So in case you have not yet heard the news, Daredevil was discontinued by Netflix a few days ago. This is following the execution of several other Marvel-Netflix shows, like Luke Cage and Iron Fist. While this termination was completely understandable for these other shows, that had sophomore slumps like no other, many thought Daredevil was only improving with time. And yet it still got the ax. So here, I’m going to outline what I really loved about each season, having watched the show so many times through.
The first season really did the origin story right. So often the origin story of a hero is butchered (Venom) or just entirely ignored (Batfleck). Yet here there was a well-developed timing to his introduction that miraculously blended with his backstory in a fashion that was so desperately needed. It compounded the personal struggles of Matt Murdock and keeping his identity secret with a dark vigilante trying to make his home a better place. The whole series has superb acting and a film style that gloriously captures fight scenes and emotion in beautiful form. While all the actors in the show are pretty damn good, the spotlight for me rests on Vincent D’Onofrio, who plays Wilson Fisk. He brilliantly portrays a man whose emotion is processed into brutal rage taken out on those who get in his way. The season set off a new era for the Marvel industry, showing that these dark stories can, in fact, be just as successful as the light-hearted Spiderman movie, for example.
In Season 2, the spotlight rests on the Punisher, played by Jon Bernthal. The violent, yet good-intentioned vigilante clashes with Daredevil, both physically and ethically. Bernthal did such a good job, he got a spin-off series that is one of two survivors of Netflix’s purge over these Marvel shows. Here, Matt Murdock’s daily life and backstory is highlighted and the season’s goal rests on the audience really getting a deep view of the man behind the mask.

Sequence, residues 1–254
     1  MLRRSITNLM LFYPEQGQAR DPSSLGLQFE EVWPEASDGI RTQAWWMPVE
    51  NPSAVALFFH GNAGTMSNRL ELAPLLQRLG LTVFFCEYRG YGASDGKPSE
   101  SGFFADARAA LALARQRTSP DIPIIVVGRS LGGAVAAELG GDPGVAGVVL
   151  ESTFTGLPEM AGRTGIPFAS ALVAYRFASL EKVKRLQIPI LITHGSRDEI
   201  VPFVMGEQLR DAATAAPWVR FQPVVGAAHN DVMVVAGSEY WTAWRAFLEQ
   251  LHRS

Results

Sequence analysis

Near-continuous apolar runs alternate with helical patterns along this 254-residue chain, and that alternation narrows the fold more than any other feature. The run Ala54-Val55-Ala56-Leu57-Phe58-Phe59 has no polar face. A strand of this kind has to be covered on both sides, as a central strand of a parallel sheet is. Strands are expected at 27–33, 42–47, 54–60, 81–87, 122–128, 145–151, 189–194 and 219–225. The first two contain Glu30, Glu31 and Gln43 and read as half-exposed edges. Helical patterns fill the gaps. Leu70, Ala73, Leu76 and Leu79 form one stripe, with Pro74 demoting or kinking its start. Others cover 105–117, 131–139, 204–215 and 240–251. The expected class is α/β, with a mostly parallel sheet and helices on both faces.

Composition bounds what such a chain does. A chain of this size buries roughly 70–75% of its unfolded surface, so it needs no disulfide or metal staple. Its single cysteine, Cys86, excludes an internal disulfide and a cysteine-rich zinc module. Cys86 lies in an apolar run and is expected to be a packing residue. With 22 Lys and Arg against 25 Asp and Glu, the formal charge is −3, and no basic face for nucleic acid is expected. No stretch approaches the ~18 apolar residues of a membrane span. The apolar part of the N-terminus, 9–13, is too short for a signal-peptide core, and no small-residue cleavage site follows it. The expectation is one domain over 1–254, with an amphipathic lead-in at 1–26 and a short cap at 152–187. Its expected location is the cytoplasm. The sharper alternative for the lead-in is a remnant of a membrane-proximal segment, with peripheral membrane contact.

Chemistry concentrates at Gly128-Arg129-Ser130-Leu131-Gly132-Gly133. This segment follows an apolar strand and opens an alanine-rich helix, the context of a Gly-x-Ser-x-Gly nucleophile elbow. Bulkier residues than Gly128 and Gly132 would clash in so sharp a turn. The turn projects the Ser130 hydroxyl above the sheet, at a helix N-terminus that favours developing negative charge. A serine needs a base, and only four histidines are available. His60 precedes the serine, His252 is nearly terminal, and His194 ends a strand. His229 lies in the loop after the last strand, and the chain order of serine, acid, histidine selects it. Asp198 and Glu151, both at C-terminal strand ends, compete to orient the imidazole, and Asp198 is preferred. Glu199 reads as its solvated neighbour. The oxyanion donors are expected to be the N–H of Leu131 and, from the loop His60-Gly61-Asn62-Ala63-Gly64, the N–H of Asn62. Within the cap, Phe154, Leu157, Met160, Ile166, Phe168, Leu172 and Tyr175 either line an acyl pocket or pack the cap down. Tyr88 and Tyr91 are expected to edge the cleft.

Shit, do I wish this wasn’t the last season. Daredevil has to pick himself back up from literally being broken and loses everything important to him, from his friends to his religion and drive. A true redemption story, Matt fights against the adversity thrown against him to fight back against a recently freed and reinvigorated Wilson Fisk. Once again, D’Onofrio does an incredible job, but this time, the villainous spotlight is stolen by Benjamin Poindexter, or Bullseye, played by Wilson Bethel. This character shines a light on the struggles of mental illness and the dangers of not knowing up from down, even in your own head. The real shame lies in that the series did not even get to leave on the proper note. It was closed in a place where there is clearly much more left for Matt in his personal journey, as well as in his war against crime in Hell’s Kitchen.
Please bring this back, Netflix.